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ARS Home » Plains Area » Manhattan, Kansas » Center for Grain and Animal Health Research » Stored Product Insect and Engineering Research » Research » Publications at this Location » Publication #396360

Research Project: Next-Generation Approaches for Monitoring and Management of Stored Product Insects

Location: Stored Product Insect and Engineering Research

Title: Behavioral response of unmated female Plodia interpunctella Hübner (Lepidoptera: Pyralidae) to synthetic sex pheromone lure

Author
item Gerken, Alison
item Dryer, Danielle - Dani
item ABTS, SHELBY - Kansas State University
item Campbell, James - Jim

Submitted to: Environmental Entomology
Publication Type: Peer Reviewed Journal
Publication Acceptance Date: 10/22/2022
Publication Date: 11/5/2022
Citation: Gerken, A.R., Dryer, D.L., Abts, S.R., Campbell, J.F. 2022. Behavioral response of unmated female Plodia interpunctella Hübner (Lepidoptera: Pyralidae) to synthetic sex pheromone lure. Environmental Entomology. 51(6):1200-1209. https://doi.org/10.1093/ee/nvac087.
DOI: https://doi.org/10.1093/ee/nvac087

Interpretive Summary: For many insect pest species, females release a pheromone to attract males. Mating disruption is a pest management technique that uses application of high concentrations of pheromones to disrupt males locating females which can prevent or delay mating and subsequently reduce the pest population. Typically, mating disruption is targeting male behavior and this has been the focus of research related to behavioral responses to pheromone. However, females may also be able to detect the pheromone and may be affected by mating disruption treatments in ways that could potentially increase or decrease treatment efficacy. The Indianmeal moth, Plodia interpunctella, is a common pest of stored products, and mating disruption is a method used to suppress populations. However, how females respond behaviorally to high concentrations of pheromone has not been evaluated. We compared two different populations of Indianmeal moth for the females’ response to pheromone lures by quantifying time spent calling (emission of pheromone to attract males), time spent walking, and time spent cleaning their antennae (which can be associated with detection of chemical cues). We also quantified overall movement behaviors, including time spent immobile and time spent in quick bursts of movement. The presence of pheromone had a significant impact on the behavior of unmated females, with an overall decrease in quick movements and time spent walking when the pheromone lure is present. The two strains showed differing responses in calling behavior, with one strain increasing their calling behavior and the other decreasing calling when pheromone is present. These results show that females are detecting pheromone within the environment and are altering their behaviors. Overall decreases in movement by females should increase effectiveness of mating disruption, as females are less likely to encounter males by chance if they are not moving as much. Increasing calling could result in higher mating success, as females attempt to outcompete the pheromone lure within the system. These findings suggest that further research is warranted to determine the level of impact changes in female behavior will have on mating disruption treatment success and how these behavioral responses might be exploited for greater mating disruption success.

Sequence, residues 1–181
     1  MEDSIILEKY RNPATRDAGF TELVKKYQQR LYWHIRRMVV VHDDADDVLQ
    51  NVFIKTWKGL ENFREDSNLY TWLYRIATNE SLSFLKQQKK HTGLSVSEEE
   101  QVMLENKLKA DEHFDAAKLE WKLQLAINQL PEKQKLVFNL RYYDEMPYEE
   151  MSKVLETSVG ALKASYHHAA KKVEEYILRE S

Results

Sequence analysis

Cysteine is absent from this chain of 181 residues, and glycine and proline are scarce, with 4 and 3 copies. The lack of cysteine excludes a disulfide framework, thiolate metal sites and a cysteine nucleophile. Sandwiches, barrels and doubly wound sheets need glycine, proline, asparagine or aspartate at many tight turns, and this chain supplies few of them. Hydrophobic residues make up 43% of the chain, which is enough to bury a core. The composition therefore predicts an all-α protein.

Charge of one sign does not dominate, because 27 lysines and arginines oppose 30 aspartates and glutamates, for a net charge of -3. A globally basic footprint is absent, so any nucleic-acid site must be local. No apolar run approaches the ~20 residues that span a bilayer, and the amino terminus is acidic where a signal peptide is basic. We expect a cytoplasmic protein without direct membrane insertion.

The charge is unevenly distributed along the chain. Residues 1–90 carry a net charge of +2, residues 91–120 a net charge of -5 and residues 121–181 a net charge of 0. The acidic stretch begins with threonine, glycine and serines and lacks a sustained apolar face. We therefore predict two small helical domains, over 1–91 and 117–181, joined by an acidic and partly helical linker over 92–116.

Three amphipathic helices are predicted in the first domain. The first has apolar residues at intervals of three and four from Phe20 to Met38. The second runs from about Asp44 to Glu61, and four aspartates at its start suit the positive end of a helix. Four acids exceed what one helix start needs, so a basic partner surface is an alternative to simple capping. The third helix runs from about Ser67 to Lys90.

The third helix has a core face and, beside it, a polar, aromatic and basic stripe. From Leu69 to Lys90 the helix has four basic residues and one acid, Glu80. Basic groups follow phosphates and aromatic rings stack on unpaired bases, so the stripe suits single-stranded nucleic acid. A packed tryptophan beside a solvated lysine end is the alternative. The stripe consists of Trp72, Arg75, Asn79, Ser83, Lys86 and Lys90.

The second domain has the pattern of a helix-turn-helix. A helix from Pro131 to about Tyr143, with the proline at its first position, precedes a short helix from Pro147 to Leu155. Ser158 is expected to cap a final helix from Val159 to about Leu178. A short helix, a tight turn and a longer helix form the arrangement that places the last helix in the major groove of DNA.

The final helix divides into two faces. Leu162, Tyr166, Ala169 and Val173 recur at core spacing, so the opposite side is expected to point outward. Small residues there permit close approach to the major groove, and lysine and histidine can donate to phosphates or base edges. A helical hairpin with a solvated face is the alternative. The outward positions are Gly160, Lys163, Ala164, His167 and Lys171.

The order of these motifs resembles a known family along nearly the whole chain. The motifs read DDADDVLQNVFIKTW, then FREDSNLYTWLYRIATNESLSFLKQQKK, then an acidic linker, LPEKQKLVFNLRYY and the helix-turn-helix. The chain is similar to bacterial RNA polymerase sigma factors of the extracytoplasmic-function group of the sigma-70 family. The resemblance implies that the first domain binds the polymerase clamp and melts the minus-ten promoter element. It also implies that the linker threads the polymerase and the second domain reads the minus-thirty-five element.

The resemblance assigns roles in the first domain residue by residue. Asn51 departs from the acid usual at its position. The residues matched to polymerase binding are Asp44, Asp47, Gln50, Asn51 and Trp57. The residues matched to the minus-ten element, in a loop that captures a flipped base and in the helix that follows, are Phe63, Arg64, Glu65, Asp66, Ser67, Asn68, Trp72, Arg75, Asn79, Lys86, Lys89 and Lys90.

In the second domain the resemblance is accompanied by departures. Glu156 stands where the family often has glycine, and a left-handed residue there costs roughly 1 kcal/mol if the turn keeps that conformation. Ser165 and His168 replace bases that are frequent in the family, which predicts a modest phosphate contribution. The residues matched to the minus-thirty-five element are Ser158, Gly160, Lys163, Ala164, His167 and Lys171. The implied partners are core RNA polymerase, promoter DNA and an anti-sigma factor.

Technical Abstract: Indian meal moth, Plodia interpunctella Hübner, is an important pest of stored products in food facilities such as processing plants, warehouses and retail stores. Mating disruption, which uses synthetic pheromone to delay or prevent mating, is a relatively new management tactic for this pest but is becoming widely adopted. However, little is known about the mechanisms behind its efficacy, including how artificial pheromone might impact female behavior. Here we assay behavioral responses of two strains of unmated female P. interpunctella during exposure to pheromone. Results show one strain increased the duration of calling behavior while the other decreased calling when exposed to pheromone lures. Time walking decreased, and time cleaning increased for both strains when exposed to pheromone. Time of first walking behavior was also delayed for one strain when exposed to pheromone. Females of both strains were less mobile when exposed to pheromone. These results show autodetection of pheromone by females, but also indicate that strains may vary in behavioral responses. Differing patterns of calling behavior between strains could be driven by either strain-specific genetic differences or laboratory induced effects. Decreasing calling behavior and overall movement during exposure to pheromone could enhance the effectiveness of a mating disruption program. However, increased calling by females in the presence of pheromone may be a competitive response and could increase mating success under certain scenarios. These findings suggest that artificial pheromone associated with monitoring and mating disruption programs has impacts on female behavior and warrants further study to determine the overall impacts on program effectiveness.